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Caption:This image shows Landsat-8 shortwave-infrared data (2.2 micron wavelength; colored areas show hot ground) and thermal-infrared data (shows cloud cover in white), both overlain on the Cleveland imagery in GoogleEarth Pro. Landsat image acquired on July 13, 2014. This data shows the summit crater at Cleveland remains quite hot. The slight coloration on the flank is not indicative of warm temperatures but is a data-processing artifact.
Date:July 13, 2014 8:45 AM
Photographer:Schneider, Dave
ClevelandCaldera/crater, Volcano
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Caption:View of Shishaldin from AVO geophysical monitoring site SSLS on the southwest flank of the volcano. During a maintenance visit to Unimak Island in late June, good weather allowed the crew a good look at this active volcano. The upper flanks of the volcano are darkened by ash erupted over the last several months during low-level lava fountaining and small explosions deep in the summit crater. On some days, a plume of steam and gas can be seen in the AVO web camera images.
Date:June 28, 2014 9:04 PM
Photographer:Ketner, Dane
ShishaldinCaldera/crater, Cinder cone, Tephra
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Caption:View of Shishaldin from AVO geophysical monitoring site SSLS southwest of the volcano, on June 28, 2014. The upper flanks of the volcano are darkened by ash erupted over the last several months during low-level lava fountaining and small explosions deep in the summit crater. On some days, a plume of steam and gas can be seen in the AVO web camera images.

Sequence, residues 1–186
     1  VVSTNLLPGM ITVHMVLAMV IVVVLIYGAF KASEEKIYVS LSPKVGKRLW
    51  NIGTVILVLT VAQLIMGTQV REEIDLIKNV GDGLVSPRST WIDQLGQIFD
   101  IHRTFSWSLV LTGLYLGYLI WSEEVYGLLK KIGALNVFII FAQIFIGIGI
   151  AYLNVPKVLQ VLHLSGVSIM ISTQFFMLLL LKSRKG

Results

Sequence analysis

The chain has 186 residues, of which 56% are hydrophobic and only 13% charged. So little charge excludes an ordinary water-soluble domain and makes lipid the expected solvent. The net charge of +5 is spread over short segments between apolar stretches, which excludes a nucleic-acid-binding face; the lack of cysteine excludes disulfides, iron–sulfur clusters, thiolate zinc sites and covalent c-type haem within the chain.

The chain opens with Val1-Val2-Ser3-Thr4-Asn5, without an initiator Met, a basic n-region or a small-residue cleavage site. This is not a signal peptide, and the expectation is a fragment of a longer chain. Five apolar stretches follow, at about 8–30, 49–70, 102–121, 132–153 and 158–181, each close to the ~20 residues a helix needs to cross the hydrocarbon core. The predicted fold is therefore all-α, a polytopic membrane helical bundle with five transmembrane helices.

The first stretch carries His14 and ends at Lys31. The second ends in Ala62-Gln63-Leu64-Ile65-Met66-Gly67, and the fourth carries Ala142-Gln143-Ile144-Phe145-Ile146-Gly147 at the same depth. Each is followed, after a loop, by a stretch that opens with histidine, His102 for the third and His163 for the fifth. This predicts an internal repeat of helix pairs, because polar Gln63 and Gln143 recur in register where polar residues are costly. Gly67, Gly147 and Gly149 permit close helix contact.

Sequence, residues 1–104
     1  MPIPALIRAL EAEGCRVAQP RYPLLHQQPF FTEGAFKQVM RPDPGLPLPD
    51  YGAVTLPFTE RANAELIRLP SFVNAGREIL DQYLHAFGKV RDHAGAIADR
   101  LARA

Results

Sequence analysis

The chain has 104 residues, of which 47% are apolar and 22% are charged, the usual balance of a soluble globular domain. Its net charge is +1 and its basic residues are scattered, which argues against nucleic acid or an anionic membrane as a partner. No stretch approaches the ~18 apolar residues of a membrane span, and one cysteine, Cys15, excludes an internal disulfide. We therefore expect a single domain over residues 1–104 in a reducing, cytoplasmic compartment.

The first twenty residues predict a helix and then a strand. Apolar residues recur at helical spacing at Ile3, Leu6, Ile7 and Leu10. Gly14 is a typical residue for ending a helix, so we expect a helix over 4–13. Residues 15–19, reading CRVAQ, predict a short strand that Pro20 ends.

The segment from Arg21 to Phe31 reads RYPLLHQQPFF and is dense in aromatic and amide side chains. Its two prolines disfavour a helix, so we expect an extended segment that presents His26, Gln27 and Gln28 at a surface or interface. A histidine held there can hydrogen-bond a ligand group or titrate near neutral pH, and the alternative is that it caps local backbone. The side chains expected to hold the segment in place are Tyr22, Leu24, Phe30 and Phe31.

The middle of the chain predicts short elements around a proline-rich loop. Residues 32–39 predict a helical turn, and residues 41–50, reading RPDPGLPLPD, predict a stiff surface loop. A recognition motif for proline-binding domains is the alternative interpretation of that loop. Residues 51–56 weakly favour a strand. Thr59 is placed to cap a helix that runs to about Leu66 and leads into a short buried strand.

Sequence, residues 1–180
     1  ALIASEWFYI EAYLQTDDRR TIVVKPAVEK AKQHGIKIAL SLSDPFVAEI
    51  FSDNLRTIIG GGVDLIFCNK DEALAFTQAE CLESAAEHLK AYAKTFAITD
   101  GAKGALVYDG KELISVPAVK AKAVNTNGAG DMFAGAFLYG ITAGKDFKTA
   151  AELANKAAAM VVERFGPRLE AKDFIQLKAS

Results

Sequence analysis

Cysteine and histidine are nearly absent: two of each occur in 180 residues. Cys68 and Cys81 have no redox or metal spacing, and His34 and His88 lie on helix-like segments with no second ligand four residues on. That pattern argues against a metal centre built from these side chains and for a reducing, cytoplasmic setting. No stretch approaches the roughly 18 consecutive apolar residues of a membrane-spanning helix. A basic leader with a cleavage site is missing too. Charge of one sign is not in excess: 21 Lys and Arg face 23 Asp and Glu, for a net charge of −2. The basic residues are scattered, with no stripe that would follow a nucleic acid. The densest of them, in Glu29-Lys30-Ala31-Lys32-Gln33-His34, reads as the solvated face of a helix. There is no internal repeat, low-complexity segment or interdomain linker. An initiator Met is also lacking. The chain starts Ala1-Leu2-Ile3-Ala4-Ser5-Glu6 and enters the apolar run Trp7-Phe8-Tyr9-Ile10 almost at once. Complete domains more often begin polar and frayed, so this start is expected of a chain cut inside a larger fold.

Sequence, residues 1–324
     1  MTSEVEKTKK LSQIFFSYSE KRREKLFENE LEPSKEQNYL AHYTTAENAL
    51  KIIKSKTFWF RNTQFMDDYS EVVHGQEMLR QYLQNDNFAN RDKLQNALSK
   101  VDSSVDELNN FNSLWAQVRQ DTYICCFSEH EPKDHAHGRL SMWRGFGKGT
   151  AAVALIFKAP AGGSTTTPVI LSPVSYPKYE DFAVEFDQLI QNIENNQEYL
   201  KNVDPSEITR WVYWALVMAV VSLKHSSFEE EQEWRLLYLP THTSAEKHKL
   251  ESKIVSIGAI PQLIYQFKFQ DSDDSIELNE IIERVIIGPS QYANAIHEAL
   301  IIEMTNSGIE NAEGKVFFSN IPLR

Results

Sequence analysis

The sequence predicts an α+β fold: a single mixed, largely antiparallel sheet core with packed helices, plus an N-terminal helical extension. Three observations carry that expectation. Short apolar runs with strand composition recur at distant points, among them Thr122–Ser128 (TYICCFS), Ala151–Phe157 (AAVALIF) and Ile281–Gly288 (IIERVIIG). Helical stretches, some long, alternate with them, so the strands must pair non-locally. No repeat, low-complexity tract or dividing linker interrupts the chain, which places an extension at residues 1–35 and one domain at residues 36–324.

Date:June 28, 2014 7:45 PM
Photographer:Ketner, Dane
ShishaldinCaldera/crater, Cinder cone, Tephra
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Caption:View of Shishaldin from geophysical monitoring site BRPK southeast of the volcano. During a maintenance visit to Unimak Island in late June, good weather allowed the crew a good look at this active volcano. Here you can see a small puff of steam emerging from the summit crater. The upper flanks of the volcano are darkened by ash erupted over the last several months during low-level lava fountaining and small explosions deep in the summit crater. On some days, a plume of steam and gas can be seen in the AVO web camera images.